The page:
An innovative look at an iconic gay bar from the 1970s and 1980s has resulted in Lizzie Osborne becoming the first University of Huddersfield student to win a national award from the Royal Institute of British Architects (RIBA).
Lizzie’s fanzine-style dissertation about The Gemini Club in Huddersfield has won RIBA’s President’s Medal.
‘Cesspits of Filth’ is a speculative project that studies the history of The Gemini, which became an iconic venue. Once described as ‘The Studio 54 of The North’, The Gemini was shut down in 1983 following a series of raids, being branded as a ‘Cesspit of sexual filth’ by the West Yorkshire Police.
Reflecting on the visceral and traumatic impact of police brutality and surveillance of queer spaces, intertwined with the AIDS crisis, this dissertation aims to challenge our concepts of vernacular histories and spaces of survival.
“I’m feeling extremely encouraged and validated by receiving the RIBA Dissertation Award,” says Lizzie. “I was impressed to have been just nominated for the award, but to be Huddersfield’s first winner of an RIBA student title is a great feeling!
“Being able to spotlight such a relic of Yorkshire’s queer history is incredibly important for me and other people to see. I would like to thank my tutors, Nic Clear and Hyun Jun Park, for all their support over the past year. I would also like to thank West Yorkshire Queer Stories, whose oral histories of Yorkshire’s LGBTQ+ community helped shaped my project tremendously.”
Professor Clear added, “Lizzie’s dissertation looks at the emergence of a distinctive and important sub-culture in the town of Huddersfield during the late 19070’s and early 1980’s, which ran alongside a broader set of activisms in music and politics, and argues that these activities formed a specific regional identity, or vernacular.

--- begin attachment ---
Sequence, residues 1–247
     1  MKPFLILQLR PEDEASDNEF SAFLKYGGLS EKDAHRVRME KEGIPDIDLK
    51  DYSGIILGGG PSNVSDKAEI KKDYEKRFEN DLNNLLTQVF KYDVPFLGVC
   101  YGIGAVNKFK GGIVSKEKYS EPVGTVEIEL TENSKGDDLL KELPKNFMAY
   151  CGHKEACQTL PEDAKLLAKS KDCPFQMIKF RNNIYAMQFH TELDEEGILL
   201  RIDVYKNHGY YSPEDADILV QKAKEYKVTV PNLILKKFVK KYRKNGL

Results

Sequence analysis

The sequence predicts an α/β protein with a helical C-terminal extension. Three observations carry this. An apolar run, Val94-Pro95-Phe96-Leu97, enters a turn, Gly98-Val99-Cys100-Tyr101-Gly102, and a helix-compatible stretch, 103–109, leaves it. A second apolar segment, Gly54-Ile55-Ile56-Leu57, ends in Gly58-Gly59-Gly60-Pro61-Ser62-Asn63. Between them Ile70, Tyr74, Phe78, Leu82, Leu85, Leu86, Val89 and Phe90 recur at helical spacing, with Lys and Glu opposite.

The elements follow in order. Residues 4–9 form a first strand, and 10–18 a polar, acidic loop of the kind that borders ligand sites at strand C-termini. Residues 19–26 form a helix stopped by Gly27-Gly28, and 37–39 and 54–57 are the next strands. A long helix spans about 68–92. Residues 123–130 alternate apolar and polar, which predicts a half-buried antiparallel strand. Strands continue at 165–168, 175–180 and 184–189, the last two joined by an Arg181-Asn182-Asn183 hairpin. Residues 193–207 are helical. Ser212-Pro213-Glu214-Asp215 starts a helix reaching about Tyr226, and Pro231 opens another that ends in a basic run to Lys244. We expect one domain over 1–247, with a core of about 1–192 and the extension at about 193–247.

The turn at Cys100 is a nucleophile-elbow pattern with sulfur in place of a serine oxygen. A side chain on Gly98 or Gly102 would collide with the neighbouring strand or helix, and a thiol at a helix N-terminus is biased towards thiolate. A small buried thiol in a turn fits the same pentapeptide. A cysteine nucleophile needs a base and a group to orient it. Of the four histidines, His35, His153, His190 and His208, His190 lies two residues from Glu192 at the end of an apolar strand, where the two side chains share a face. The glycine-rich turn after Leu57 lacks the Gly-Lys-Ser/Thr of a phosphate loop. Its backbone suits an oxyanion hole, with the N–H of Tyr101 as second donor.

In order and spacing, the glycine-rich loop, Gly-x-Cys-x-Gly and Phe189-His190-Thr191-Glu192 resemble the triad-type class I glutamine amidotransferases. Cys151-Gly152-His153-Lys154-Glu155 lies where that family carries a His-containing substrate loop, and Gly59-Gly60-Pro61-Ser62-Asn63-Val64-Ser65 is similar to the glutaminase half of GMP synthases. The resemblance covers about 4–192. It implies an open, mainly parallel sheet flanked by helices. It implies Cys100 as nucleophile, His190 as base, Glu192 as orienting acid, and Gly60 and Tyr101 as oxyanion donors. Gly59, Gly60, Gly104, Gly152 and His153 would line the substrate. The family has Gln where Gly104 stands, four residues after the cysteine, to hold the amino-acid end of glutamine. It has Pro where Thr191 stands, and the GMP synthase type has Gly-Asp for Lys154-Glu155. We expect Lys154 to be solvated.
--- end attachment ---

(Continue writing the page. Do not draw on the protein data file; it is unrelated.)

“The work articulates important conceptions of personal and collective architectural space around themes of sexuality and alterity. Its subject matter is highly pertinent to current debates and through its use of archive and original material it is beautifully realised.
“The fact that this is the first time that a Huddersfield architecture student has won one of the major RIBA awards is testament to ambitious and innovative approach to architectural education that is currently being developed with the courses.”
The following is from RIBA’s website and further explores Lizzie’s work.
When Lizzie Osborne found a newspaper reference to a 1980s gay bar in Huddersfield described as a ‘cesspit of filth’, their interest was piqued.
“I was curious to see what makes somewhere eligible to be given such a visceral description. I wanted to understand the space and figure out how to describe queer history through architectural thought and drawing,” they said.
The result is the Medal-winning dissertation Cesspits of Filth: Queer Vernaculars in West Yorkshire 1975-1985, presented in a distinctive fanzine-style that conveys a vivid flavour of time and place. This extends right down to sections named after tracks on playlists at The Gemini Club, the venue on the outskirts of Huddersfield town centre that provides the focus of the dissertation.